... When responding to the FCC in 2017, SpaceX only provided a collision risk for the one percent failure scenario - it's already had a 5% failure rate - , writing [PDF]: “SpaceX views satellite failure to deorbit rates of 10 or 5 percent as unacceptable, and even a rate of 1 percent is unlikely.”

... three out of 60, or five percent, of the SpaceX's first batch of Starlink satellites failed following their launch in May

Even higher failure rates than 15 percent are not unheard of. Around 30 percent of Iridium’s first generation of communication satellites died on orbit, and the European Space Agency noted in its latest space environment report [PDF] that only about half of all satellites are properly disposed of at the end of their lifetimes.

If the risk associated with a one percent failure rate that SpaceX quoted is extrapolated to a 15 percent failure rate, Elon Musk’s satellites presented a similar aggregate risk as those belonging to Jeff Bezos, at around 14 percent. However, SpaceX has since altered its planned operational altitude for these satellites, and made design changes, which could reduce the chance of collisions. The company does not seem to have supplied the FCC with updated collision risk figures for its new working altitude of 550 kilometers, which is close to Amazon’s.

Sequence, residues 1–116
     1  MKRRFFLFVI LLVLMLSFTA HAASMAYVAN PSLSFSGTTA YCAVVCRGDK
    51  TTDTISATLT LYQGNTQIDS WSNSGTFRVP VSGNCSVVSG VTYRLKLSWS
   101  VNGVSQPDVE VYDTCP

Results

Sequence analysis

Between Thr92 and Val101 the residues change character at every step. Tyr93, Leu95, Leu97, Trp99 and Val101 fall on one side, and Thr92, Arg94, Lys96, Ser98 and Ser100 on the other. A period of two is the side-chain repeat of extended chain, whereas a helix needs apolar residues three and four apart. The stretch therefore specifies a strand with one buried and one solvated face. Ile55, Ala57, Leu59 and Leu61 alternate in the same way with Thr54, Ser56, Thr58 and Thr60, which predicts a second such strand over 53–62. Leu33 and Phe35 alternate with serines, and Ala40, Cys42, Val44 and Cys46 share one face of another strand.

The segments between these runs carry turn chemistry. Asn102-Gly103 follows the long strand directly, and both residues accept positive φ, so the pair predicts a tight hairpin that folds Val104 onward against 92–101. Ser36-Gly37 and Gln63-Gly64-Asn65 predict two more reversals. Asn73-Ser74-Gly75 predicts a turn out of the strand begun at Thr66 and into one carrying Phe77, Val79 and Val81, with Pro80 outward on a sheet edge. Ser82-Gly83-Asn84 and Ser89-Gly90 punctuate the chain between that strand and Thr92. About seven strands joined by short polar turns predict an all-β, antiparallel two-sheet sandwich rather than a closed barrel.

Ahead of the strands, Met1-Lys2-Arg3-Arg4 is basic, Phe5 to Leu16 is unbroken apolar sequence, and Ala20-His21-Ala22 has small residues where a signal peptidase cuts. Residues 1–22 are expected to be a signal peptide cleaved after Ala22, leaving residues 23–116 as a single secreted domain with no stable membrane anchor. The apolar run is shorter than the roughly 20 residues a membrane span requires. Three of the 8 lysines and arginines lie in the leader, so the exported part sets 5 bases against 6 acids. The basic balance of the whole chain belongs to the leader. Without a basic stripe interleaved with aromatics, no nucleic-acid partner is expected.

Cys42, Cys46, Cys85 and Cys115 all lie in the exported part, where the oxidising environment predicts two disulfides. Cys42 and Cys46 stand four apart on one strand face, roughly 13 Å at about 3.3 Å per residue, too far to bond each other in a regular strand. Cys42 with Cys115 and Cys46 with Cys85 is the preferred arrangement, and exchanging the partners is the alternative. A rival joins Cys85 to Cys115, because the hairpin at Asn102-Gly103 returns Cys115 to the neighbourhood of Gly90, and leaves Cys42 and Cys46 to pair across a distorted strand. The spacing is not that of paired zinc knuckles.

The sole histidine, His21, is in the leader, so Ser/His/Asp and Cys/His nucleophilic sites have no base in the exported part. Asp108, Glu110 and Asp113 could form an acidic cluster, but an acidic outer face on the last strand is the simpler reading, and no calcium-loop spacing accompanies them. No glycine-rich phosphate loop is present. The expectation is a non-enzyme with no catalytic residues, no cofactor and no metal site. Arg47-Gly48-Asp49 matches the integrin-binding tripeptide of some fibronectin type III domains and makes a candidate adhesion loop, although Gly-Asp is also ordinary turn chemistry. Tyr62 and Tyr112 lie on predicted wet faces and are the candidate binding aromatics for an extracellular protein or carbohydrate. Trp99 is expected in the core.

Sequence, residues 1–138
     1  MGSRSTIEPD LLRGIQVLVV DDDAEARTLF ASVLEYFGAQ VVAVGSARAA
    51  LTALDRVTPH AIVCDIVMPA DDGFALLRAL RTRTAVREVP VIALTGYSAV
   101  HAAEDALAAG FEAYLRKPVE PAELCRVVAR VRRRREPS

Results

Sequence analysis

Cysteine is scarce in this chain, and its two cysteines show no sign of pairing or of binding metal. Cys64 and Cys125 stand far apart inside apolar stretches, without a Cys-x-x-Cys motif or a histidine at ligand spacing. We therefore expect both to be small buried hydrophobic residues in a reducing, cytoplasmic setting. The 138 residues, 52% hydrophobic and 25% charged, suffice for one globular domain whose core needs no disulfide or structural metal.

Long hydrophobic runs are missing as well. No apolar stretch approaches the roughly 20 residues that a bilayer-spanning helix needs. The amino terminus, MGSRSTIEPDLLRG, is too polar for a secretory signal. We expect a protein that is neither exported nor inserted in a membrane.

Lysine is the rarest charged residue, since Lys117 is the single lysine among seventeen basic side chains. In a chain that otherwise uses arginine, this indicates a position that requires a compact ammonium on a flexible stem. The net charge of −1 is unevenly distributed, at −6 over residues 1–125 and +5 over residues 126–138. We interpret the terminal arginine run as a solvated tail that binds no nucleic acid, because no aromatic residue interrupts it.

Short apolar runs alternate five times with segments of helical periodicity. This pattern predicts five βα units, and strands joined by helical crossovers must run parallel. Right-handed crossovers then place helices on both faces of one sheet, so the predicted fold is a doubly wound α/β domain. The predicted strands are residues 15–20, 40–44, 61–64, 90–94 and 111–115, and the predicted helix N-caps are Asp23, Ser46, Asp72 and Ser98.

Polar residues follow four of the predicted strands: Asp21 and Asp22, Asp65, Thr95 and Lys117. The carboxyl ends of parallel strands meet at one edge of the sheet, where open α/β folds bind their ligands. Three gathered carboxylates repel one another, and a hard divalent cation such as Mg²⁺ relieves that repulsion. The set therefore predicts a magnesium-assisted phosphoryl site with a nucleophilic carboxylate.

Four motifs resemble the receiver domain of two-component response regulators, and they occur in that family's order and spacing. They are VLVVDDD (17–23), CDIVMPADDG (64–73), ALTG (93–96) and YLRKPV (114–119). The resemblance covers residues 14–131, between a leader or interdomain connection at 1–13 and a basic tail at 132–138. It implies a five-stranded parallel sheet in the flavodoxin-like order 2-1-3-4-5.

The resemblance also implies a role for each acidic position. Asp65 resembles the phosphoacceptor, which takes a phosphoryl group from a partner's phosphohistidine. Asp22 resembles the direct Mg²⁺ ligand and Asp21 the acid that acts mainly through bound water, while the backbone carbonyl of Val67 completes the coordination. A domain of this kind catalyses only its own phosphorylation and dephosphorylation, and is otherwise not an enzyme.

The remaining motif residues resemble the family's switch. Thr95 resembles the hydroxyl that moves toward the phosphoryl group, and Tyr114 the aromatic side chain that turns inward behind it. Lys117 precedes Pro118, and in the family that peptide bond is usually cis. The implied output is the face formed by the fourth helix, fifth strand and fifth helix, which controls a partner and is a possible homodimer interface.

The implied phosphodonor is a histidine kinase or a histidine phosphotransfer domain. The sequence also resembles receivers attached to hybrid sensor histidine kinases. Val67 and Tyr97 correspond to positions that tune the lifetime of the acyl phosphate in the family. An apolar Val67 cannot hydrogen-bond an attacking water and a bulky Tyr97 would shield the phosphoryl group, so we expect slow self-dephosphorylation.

... In December, IEEE Spectrum reported that the aggregate chance that SpaceX’s planned Starlink constellation would cause an injury or death on Earth was 45 percent every six years.
“There are three classes of people: those who see. Those who see when they are shown. Those who do not see.” ― Leonardo da Vinci

Insensible before the wave so soon released by callous fate. Affected most, they understand the least, and understanding, when it comes, invariably arrives too late

Sigmetnow

  • Multi-year ice
  • Posts: 15663
    • View Profile
  • Liked: 459
  • Likes Given: 218
Re: SpaceX
« Reply #364 on: October 18, 2019, 12:44:13 AM »
Beware of FUD.

Meanwhile, Matt Desch – CEO of Iridium, the owner and operator of one of the largest LEO constellations ever flown – stated that its Iridium NEXT satellites perform similar maneuvers weekly, without the need to “put out a press release to say who [Iridium] maneuvered around”. In simple terms, collision avoidance maneuvers are extremely common and extremelyroutine and are a fundamental part of operating satellites on orbit – be it one, ten, or ten thousand.

Quote
Matt Desch (@IridiumBoss) 9/2/19, 1:51 PM
Hmmm. We move our satellites on average once a week and don't put out a press release to say who we maneuvered around...
https://twitter.com/iridiumboss/status/1168582141128650753

Edit: Starlink satellites are aware of their surroundings and will autonomously adjust their position to avoid collisions.
« Last Edit: October 18, 2019, 01:25:25 AM by Sigmetnow »
People who say it cannot be done should not interrupt those who are doing it.

Rob Dekker

  • Nilas ice
  • Posts: 2320
    • View Profile
  • Liked: 100
  • Likes Given: 112
Re: SpaceX
« Reply #365 on: October 19, 2019, 10:25:25 AM »